The most important part of a chromatographic set up is the column. But even though it provides retention, the final separation also depends strongly on the mobile phase (MP). The various effects offered by the mobile phase influence the retention and differential migration (selectivity) of the solutes through the column. Therefore, during method development and optimization, the separation might have to be tuned by changing mobile phase parameters, such as solvent type, additives (different buffers, ion pair reagents), or operating conditions (gradient time/ steepness, temperature, flow rate).
Often, problems with chromatographic separation are related to an incorrectly/inconsistently prepared mobile phase. Hence, an inclination to use simpler mobile phases can be observed for practical reasons of increased method robustness, easier method transfer, and ease of use (e.g. in clinical diagnostics or in process control).
Most of you are familiar with the rule: “garbage in, garbage out.” This adage is especially true when selecting the correct purity of mobile phase components. For example, it is an absolute must to use gradient grade solvents & reagents for gradient grade separations to get an accurate, reproducible and clean baseline (free of ghost peaks), and sensitive chromatographic separation (see also HPLC Tips and Tricks in Analytix Reporter 9 "Increase Your HPLC/UHPLC Method Sensitivity“). Using the correct and suitable grade of solvents based on the application (e.g. hypergrade for LC-MS for LC-MS methods, see more at SigmaAldrich.com/Solvents) also minimizes the chances of contaminations and extends the longevity of a chromatographic column.
For cases requiring addition of any reagent like buffer, it is to be ensured that the reagent meets the required quality and has not passed its expiry date. The degradants from expired additives lead to ghost peaks in sample chromatograms. Certain additives degrade quicker, depending on their nature (for example 20 mM, pH 7 phosphate buffer). Improper/careless handling (for example left over solvent put back into bottle, bottle left on the lab bench without the cap closed, lost pipette tips floating inside the bottle and so on) of these reagents spoil chemicals quickly.
For isocratic separations with premixed mobile phases, solvent volumetric contractions in commonly used mixtures (water/acetonitrile, methanol or tetrahydrofuran) should be taken into account during their preparation. The only correct way to prepare such mobile phase mixtures is to separately take precisely measured volumes of the components and mix them. For example, to get a 70% organic mobile phase, 300 mL of water and 700 mL of organic solvent should be precisely measured separately and then combined together in a flask. But if only the water is measured precisely and the organic solvent is then added to make up the required final volume, due to the solvent mixture contraction, the resulting solvent strength will be a little higher (or weaker in case organic solvent was added first and water was added later). For premixing of MPs, attention should be taken to the toxic solvent fumes that might be emitted, under a fume hood.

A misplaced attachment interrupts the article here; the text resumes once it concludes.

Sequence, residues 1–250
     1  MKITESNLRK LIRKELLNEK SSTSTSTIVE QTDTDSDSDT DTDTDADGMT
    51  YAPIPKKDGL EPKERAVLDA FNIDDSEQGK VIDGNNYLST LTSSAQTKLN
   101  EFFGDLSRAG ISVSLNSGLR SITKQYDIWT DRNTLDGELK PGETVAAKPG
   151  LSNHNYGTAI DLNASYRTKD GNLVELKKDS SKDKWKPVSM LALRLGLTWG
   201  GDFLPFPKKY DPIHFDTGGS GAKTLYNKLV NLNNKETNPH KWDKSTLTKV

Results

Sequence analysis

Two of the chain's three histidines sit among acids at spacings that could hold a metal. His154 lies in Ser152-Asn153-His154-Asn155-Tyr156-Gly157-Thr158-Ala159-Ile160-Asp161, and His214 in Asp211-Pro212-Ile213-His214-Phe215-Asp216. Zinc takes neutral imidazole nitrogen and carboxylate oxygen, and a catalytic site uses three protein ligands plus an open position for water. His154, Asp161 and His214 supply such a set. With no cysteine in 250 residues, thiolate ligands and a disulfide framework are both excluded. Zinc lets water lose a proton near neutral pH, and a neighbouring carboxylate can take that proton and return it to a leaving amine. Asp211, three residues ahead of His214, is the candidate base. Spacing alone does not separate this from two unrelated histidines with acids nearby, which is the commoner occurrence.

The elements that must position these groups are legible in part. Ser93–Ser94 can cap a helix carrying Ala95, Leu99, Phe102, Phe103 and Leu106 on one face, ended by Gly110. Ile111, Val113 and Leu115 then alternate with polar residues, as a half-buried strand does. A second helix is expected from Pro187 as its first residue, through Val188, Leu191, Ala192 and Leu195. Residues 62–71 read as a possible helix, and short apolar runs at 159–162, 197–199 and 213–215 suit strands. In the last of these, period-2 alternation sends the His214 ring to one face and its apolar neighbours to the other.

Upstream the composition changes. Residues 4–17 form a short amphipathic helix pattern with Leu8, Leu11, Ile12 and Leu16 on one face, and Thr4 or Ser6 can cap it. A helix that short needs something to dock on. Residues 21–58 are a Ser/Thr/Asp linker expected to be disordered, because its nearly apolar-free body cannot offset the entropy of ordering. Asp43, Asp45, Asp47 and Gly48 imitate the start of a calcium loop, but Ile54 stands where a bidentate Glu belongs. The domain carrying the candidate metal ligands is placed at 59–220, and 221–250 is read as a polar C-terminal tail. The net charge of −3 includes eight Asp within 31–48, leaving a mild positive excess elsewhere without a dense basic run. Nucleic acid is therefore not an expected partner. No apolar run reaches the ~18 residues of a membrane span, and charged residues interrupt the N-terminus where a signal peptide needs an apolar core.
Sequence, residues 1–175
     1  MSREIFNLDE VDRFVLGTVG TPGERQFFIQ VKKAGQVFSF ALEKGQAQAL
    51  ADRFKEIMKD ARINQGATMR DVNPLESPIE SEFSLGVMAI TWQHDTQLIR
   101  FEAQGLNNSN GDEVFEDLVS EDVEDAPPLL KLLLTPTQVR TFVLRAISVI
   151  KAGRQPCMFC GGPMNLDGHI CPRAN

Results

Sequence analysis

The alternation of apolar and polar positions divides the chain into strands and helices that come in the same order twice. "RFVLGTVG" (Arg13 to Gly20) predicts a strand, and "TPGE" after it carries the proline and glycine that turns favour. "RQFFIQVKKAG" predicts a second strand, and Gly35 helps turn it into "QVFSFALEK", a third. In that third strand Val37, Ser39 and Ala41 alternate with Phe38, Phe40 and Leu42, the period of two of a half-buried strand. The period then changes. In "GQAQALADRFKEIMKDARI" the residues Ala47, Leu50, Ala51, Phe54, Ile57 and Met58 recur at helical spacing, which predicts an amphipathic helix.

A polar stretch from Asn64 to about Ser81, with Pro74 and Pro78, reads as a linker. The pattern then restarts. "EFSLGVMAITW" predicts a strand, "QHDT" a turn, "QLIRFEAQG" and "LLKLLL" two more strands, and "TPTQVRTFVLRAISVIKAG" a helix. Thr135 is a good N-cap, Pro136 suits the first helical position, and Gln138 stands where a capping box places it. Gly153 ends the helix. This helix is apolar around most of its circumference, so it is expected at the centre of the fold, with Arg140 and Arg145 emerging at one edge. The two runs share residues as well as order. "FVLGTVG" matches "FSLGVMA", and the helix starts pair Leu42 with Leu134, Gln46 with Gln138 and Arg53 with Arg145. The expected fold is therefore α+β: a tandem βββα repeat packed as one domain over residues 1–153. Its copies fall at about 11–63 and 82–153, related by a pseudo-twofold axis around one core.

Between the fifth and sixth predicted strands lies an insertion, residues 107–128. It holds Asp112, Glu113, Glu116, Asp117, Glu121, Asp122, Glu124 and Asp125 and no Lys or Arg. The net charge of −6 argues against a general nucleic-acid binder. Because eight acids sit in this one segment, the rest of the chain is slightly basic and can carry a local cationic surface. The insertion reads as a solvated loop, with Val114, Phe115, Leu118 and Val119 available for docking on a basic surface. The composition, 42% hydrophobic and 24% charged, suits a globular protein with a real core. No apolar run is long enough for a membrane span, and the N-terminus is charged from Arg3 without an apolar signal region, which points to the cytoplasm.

Nowadays, gradients are generally correctly formulated using gradient pumps; however, some minor differences in retention behavior might be observed during comparison of the instruments with low- pressure and high-pressure gradient systems due to their mixing mechanisms.
Personally, in Reversed-Phase chromatography, I prefer HPLC methods with premixed mobile phases such as 5% acetonitrile in water and/or 5% water in acetonitrile. The rationale behind such preference is to increase degassing effectiveness, avoid mixture heating (e.g. methanol in water) or cooling (e.g. acetonitrile in water) upon mixing, and also to improve mixing efficiency by making the two mobile phases more similar in viscosity and surface tension. The limitations of such premixed solvents are that solvent strength of mobile phase B cannot be 100% and an extra step in mobile phase preparation – which is an additional, potential source of error. Typically, it is recommended to use mobile phase solvents directly out of their delivery containers to prevent additional chances of contamination.
The final step in the mobile phase preparation is filtration. There are many different types of filters that could be chosen based on the solvents being filtered. Recommended are membrane-type filters with pore sizes of at least 0.45 µm for HPLC systems, and 0.22 µm for UHPLC systems. Filtering removes particles from the prepared mobile phase and prevents clogging of the system and column.
See more on mobile phase preparation in HPLC Tips & Tricks: Mobile Phase Preparation Part 2 - Buffers.
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